Had someone told me how much boredom is involved in creating a new life, I may not have been so enthusiastic. When I got home from the vacation that inspired Rio, I had no idea I would spend entire days (and weeks) of the next four months completely bored. I was so excited, so passionate, and so certain of my path in those early days. I just knew it was all going to fall into place exactly as I envisioned from the middle of Belgium. It didn’t.

What I had to (re)learn during those months was that personal growth, by definition, involves a lot of internal reflection and introspection. That meant a lot of down time – alone with my thoughts and stuck in my own head. I also had to learn a new lesson. It turns out external change, and the creation of something new, requires just as much. And while I knew reflection was the key to any meaningful growth, I had forgotten that it can feel incredibly isolating – and boring – in the midst. Especially coming off the high of the decision itself.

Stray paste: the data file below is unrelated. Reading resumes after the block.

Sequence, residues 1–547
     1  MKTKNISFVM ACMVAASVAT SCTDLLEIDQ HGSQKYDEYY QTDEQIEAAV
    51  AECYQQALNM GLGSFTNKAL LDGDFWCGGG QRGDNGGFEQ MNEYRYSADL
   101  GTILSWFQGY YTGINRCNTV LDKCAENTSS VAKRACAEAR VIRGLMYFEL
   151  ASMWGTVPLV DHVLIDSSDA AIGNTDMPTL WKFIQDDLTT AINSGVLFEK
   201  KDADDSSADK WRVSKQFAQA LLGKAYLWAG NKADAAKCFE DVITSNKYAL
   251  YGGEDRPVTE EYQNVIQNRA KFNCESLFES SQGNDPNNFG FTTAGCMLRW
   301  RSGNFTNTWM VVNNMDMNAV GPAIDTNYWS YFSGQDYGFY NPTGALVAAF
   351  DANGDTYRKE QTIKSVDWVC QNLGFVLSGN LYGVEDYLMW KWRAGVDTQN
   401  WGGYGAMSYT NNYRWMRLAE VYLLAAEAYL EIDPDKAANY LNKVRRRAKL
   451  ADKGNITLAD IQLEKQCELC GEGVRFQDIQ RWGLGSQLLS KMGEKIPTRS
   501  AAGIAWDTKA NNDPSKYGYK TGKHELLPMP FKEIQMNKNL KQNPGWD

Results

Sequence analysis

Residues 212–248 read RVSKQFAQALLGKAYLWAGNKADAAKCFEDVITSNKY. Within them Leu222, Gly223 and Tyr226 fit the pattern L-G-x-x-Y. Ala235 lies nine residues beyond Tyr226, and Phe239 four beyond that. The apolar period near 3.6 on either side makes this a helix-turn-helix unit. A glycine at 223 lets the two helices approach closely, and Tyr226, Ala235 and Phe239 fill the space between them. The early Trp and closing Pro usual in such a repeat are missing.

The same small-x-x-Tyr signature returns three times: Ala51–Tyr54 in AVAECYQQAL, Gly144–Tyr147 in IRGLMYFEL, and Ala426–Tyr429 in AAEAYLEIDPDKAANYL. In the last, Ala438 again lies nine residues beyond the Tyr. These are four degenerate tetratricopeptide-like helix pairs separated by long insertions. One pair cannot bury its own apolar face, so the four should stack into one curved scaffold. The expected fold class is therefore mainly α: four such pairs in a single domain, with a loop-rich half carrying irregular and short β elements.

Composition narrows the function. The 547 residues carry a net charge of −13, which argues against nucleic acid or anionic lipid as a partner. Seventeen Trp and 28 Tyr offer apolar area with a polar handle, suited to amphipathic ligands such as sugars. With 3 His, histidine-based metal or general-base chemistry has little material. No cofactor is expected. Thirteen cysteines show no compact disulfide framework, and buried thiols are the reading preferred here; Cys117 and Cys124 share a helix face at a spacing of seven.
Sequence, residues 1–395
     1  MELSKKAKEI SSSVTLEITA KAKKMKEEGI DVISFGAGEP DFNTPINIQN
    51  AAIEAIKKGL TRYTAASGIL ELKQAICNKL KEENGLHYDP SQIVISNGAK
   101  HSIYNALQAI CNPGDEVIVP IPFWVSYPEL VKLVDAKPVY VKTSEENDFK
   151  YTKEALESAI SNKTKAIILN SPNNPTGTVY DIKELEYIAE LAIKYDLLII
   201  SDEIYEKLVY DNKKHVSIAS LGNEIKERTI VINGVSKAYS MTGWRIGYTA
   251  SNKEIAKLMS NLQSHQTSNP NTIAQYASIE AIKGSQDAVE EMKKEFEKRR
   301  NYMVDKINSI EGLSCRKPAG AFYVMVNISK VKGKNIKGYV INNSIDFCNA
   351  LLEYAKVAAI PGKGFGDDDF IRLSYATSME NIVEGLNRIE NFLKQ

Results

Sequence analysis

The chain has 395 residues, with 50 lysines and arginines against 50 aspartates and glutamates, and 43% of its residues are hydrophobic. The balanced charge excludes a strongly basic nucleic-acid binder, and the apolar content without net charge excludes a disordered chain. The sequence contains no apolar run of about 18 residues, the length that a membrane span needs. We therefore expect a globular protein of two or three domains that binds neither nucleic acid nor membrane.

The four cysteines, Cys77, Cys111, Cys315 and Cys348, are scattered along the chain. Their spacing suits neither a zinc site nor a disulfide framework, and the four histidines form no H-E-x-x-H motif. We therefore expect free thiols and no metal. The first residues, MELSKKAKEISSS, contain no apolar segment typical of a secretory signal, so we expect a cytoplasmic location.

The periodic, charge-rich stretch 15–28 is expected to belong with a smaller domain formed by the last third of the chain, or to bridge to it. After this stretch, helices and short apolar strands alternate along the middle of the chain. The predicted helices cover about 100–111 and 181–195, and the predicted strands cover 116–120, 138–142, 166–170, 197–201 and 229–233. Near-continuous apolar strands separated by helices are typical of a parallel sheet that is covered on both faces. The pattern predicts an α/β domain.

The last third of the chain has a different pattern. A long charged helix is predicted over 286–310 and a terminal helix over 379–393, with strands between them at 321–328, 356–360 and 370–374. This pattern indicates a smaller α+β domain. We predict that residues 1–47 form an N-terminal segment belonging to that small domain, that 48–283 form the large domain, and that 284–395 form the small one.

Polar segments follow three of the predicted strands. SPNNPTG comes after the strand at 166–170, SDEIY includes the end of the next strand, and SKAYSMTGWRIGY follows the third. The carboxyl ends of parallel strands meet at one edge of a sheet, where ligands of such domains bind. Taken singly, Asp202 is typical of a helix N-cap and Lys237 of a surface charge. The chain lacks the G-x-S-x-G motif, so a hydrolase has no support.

Rio’s journey also involved a lot of waiting. For returned calls, for replies to emails, for meetings to be scheduled. All of that required patience, and taking someone else’s time into consideration. Unfortunately, I am not great with patience. The anxiety triggered by trying to be patient has followed me since childhood. I know now that it will be a lifelong process learning to master how to calm myself, to breathe, and to wait. In fact, one of the biggest a-ha moments from the early weeks of this transformation was that my sense of urgency will not be shared by every single person I contact. It meant I had to learn to breathe through the panic and the anxiety and the negative voices (sometimes my own) saying I was crazy for walking away from a career I had spent most of my adult life establishing.

The journey meant having faith. As someone who has never fully connected with organized religion, I had to find another way to define and embrace faith if it was going to be part of my life going forward. Over the last four months, I have come to see faith as trusting that everything works out exactly as it should, regardless of wishes (or efforts) to the contrary. Faith means accepting that “exactly as it should” will sometimes look nothing like what I thought I wanted. Faith is choosing to believe that good things happen, and that you can bring good into your life by doing good.

My faith – and the journey to launch Rio – was perfectly summed up by one of my best friends in what ultimately became our motto: relax, breathe, believe